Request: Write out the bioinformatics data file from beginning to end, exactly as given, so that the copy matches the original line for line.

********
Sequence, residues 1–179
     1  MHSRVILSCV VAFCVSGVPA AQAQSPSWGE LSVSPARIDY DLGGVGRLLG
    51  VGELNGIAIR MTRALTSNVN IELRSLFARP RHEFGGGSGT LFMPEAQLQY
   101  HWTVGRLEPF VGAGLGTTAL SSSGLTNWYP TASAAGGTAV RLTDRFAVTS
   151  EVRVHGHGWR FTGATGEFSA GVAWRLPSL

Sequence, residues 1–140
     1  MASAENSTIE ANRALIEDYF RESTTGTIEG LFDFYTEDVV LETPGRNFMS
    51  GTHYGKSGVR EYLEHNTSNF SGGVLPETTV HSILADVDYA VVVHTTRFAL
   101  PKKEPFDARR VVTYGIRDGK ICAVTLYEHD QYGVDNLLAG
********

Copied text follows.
Sequence, residues 1–179
     1  MHSRVILSCV VAFCVSGVPA AQAQSPSWGE LSVSPARIDY DLGGVGRLLG
    51  VGELNGIAIR MTRALTSNVN IELRSLFARP RHEFGGGSGT LFMPEAQLQY
   101  HWTVGRLEPF VGAGLGTTAL SSSGLTNWYP TASAAGGTAV RLTDRFAVTS
   151  EVRVHGHGWR FTGATGEFSA GVAWRLPSL

Sequence, residues 1–140
     1  MASAENSTIE ANRALIEDYF RESTTGTIEG LFDFYTEDVV LETPGRNFMS
    51  GTHYGKSGVR EYLEHNTSNF SGGVLPETTV HSILADVDYA VVVHTTRFAL
   101  PKKEPFDARR VVTYGIRDGK ICAVTLYEHD QYGVDNLLAG